This weekend I had a taste of one of the retirement benefits that I’ve been looking forward to—being the great aunt to my grandnieces and grandnephew. My nephew and his family came to Providence for his 25th reunion and I entertained the twins Saturday night.
The twins are closing in on 7 years old. It’s an age (I discovered) that comes with the energy and mobility of a toddler and the mental activity that at first blush equals that of a preteen. In actuality, their minds are not quite that well developed. I found this out playing hangman, where I soon learned to ask things like “Are you sure that’s the only ‘a’ in all those letters?” Or to point out, ever so gently, “The word ‘for’ is not spelled ‘faor.’”
I also learned that eight year olds are quite adaptable and they expect to make up their own rules. Hangman phrases can include punctuation, for example. If you left the dice for the Clue game home in Connecticut, you can roll an imaginary die. And by the way, no one will find it curious that you always roll a six.
Their visit also provided my first exposure to electronic games, specifically “Plants vs. Zombies.” I am massively impressed by the creativity exhibited in the design of this game. Here are some things I learned about plants and zombies. The newspaper zombie wears polka dot boxer shorts and he moves faster when he puts his paper down. When I learn this, I imagine him with his boxers around his ankles, reading the paper while on the throne. He puts the paper down when he’s done. No wonder he moves faster then.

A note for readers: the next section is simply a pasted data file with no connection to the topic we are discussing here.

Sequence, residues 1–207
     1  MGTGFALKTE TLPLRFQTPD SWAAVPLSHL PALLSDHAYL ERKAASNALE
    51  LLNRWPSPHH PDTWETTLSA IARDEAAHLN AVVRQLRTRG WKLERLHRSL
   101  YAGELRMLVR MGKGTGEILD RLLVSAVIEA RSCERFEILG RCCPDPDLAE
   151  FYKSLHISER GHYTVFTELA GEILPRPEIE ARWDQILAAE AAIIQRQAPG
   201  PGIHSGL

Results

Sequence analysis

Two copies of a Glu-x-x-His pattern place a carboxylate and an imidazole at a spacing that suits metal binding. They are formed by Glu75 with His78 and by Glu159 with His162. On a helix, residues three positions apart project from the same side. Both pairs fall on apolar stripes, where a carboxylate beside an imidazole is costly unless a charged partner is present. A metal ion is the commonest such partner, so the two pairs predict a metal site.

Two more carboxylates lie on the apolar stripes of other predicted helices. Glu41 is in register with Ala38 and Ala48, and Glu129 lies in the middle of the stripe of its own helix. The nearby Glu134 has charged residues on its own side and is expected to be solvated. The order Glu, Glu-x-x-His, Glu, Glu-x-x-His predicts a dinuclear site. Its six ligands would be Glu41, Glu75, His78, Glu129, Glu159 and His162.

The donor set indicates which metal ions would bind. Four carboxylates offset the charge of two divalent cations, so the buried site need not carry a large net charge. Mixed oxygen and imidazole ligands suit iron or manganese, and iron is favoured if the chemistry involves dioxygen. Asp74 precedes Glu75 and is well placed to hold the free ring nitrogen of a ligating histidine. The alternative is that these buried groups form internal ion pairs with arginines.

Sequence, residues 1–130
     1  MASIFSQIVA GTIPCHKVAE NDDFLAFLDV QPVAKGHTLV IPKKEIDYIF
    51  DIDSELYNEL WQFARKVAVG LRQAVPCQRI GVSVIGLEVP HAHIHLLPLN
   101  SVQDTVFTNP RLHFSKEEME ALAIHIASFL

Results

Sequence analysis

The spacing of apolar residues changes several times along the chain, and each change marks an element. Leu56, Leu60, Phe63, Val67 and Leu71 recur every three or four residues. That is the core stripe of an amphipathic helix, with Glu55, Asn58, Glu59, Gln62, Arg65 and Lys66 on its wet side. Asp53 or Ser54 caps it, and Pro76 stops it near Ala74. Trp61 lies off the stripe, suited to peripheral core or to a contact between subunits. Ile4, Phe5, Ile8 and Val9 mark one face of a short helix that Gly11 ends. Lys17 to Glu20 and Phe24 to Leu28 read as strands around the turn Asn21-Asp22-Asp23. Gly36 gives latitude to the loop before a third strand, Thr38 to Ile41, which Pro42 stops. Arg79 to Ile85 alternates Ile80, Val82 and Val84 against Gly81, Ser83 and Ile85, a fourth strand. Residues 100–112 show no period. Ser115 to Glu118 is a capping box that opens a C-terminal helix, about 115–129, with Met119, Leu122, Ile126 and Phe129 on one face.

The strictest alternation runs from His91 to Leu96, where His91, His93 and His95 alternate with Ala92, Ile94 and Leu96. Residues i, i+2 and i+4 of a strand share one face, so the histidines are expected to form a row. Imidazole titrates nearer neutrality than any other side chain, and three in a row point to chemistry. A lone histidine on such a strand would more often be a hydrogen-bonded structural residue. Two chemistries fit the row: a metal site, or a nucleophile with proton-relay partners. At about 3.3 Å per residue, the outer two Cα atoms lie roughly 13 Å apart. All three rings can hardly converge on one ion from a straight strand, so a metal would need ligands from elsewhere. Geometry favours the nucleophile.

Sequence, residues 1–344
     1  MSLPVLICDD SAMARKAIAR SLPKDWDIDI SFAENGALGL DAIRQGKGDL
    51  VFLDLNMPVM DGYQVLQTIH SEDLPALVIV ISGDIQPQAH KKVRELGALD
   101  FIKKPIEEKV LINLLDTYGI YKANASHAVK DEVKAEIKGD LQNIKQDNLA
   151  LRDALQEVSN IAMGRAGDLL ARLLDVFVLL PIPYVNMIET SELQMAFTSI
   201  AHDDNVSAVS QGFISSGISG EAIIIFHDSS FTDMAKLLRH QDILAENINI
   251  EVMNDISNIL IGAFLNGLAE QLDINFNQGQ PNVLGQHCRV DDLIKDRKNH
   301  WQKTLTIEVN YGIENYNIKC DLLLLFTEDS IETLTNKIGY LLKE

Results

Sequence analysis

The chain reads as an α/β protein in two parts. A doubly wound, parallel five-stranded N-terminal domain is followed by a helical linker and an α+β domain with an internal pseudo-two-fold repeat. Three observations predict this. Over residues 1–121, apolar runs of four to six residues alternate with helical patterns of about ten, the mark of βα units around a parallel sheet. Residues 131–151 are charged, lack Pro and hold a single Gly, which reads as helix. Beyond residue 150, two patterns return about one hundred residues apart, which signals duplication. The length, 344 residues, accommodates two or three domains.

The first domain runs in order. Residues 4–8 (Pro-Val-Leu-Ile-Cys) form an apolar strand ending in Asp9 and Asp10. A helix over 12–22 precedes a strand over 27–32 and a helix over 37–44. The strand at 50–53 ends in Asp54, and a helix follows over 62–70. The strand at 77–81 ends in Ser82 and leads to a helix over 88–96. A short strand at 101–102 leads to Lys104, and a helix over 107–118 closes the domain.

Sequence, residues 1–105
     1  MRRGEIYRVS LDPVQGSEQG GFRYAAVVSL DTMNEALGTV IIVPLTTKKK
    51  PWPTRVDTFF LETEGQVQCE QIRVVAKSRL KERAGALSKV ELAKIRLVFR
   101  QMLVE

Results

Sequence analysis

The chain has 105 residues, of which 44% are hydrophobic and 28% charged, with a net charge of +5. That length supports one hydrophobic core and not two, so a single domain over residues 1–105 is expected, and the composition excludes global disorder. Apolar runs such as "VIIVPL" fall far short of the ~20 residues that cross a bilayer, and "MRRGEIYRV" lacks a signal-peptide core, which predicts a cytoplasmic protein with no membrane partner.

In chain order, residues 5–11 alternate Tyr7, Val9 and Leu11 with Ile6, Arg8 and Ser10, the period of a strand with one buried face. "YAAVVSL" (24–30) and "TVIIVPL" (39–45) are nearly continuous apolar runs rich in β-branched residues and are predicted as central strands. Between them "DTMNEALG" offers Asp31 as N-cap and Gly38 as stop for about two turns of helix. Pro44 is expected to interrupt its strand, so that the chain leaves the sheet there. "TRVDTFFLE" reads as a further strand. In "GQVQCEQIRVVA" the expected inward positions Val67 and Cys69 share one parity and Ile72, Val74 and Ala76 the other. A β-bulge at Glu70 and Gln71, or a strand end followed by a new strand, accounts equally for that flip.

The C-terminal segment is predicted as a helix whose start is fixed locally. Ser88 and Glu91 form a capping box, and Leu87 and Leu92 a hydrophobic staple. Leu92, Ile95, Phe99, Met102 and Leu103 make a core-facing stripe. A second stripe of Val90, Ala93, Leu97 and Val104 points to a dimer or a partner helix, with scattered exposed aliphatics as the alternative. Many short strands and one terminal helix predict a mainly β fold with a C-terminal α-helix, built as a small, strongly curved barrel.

The zombies with buckets on their heads are harder to kill. (Hmm… aren’t zombies dead already?) The seaweed plants entangle and drown the zombies. The winter melon plants need a melon pull icon in order to work, but the game warns you if you forget this. (So why doesn’t it just give you both in the first place?) There’s a Zamboni zombie and a disco dancing one with a red Afro that reminds me of Jimi Hendrix. He comes with a disclaimer that he’s not modeled after a real person. (As if.)
When I heard (before their visit) that my grandnephew was interested in geography, I put together a game with world maps and push pins. After seeing the electronic games, I thought, “They’ll never want to play my map one.” I was wrong. They took turns picking letters and then put pins in the countries that started with that letter. The person who found the most got a prize. I refereed, explaining the difference between cities and continents and countries. When we were done, they had me leave the pins so that in the morning they could show their parents what they’d done. My head was the size of a winter melon!
The only thing weighing on my mind other than enjoying my evening with them was that I had not yet written today’s blog post. I’m confident you’ll excuse the fact that this is not full of its usual sarcasm, and that it’s a bit sparse. I’m still on duty with the twins, though they’re in bed. Truth be told, I wish I were there already, too. Being a great Great Aunt is hard work, and you don’t dare have a glass of wine while you’re doing it. Come to think of it, their warm milk with honey is looking pretty good right now. Nighty nite!